Just as you were getting used to later nights and slower mornings, it’s time to head back to school. This year, give yourself a break by starting out ahead of the game. A little bit of organizing can go a long way towards cutting down on the stress and scramble that happens once classes and extracurricular activities are in full swing, starting with these sanity-saving ideas.
Tidy Up Drawers
Before the school year starts, enlist your kids’ help to organize their clothes. Empty out their drawers and weed out anything too small or overly worn. Before replacing the clothes in the drawers, purchase a set of drawer dividers to create self-contained compartments within each drawer for items to live. Drawer dividers are the perfect solution to keeping T-shirts separated from the long-sleeve variety, and socks separated from underwear. Plus, get more tips for organizing drawers.
Make a Weekly Checklist
Hang a chalk or white board in a central location in the household (like the kitchen) and each week, write on it the main events (piano lessons, soccer games, birthday parties) and to-dos (buy a birthday present). Color-code items depending on who’s doing what, so it’s easy to see in a glance exactly what’s going on with each family member during the week.
Organize Important Papers
Back-to-school always triggers an onslaught of forms to be signed. Set aside a folder near the front door for important school papers. Think of it as your family in-box and let family members know to place school-related documents there. Once forms are signed and completed, clip them together and tack them to the fridge. Kids can pick up papers from there and have the responsibility of getting them back into backpacks.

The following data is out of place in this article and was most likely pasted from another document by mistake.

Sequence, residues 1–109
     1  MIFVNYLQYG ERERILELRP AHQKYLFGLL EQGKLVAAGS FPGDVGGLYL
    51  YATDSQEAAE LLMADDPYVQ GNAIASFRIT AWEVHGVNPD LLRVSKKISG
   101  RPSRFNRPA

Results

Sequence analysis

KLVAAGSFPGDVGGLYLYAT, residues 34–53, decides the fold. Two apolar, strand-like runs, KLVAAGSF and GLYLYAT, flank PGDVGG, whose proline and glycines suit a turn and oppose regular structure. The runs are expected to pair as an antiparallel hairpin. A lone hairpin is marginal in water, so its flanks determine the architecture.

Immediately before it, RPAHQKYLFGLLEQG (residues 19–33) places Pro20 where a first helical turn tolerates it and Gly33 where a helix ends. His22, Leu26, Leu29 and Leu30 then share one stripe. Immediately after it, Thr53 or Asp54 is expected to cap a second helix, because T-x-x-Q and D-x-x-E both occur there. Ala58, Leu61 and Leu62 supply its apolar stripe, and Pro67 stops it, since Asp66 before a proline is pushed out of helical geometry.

Troubleshoot Problem Areas
Kids can’t find socks? Buy a dozen in the same cut and color and put them in a clear container right by the front door. Along the same lines, designate places for common school supplies, sports gear and even things like hair ties (and keep them well-stocked), so you’re never hunting for necessities at the last minute.
Make a Weekly Menu
On the weekend, map out and shop for two to three dinners (or more) for the upcoming week so all supplies are on hand and ready to go. Double up the recipe so leftovers will last for a couple of days or can be frozen for future meals. Things like soups, chili, some pasta dishes (such as lasagna or baked ziti), sauces, even breaded chicken freeze well (just be sure to store them in leak-proof containers). You can also pre-chop veggies, fruits and herbs so they’re easy to add to meals or snack on during the week. Make breakfast simpler with big batches of muffins, pancakes or waffles that can also be frozen and reheated on demand.
Set Up Snack Stations
Designate areas in the kitchen and fridge for snacks and school lunch staples to ease the morning rush. In the pantry, set aside a shelf or bin and stock it with clear containers of various sizes that can hold the family’s favorite easy-to-grab snacks, such as granola bars, popcorn, dried fruit, applesauce packs or pretzel bags. In the fridge, a drawer or several storage containers can become a one-stop lunch shop with things like sandwich bread, deli meats, cheese sticks, pre-cut fruits and veggies (these storage tips will help them stay fresh), juice boxes, and peanut butter and jelly.
Make Lunch Prep Easy
When you’re rushing around trying to get yourself and your child out the door in the morning, anything that saves you minutes is gold. This leak-proof sandwich container is the perfect answer for packing and protecting sandwiches. It slips easily into a backpack with no mess, and you can re-use it again and again. If lunch is looking more like last night’s leftovers, place rice on one side and grilled chicken on the other with this two-in-one divided container. Seal the lid, place it inside a lunchbox or slip it in her backpack and your child is good to go.